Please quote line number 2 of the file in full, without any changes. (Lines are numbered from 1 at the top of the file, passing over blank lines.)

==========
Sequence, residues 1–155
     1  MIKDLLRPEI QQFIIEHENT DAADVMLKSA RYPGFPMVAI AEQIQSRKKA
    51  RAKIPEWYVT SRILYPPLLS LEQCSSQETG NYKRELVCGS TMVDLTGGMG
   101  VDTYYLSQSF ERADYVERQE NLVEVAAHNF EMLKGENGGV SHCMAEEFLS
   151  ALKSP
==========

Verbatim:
     1  MIKDLLRPEI QQFIIEHENT DAADVMLKSA RYPGFPMVAI AEQIQSRKKA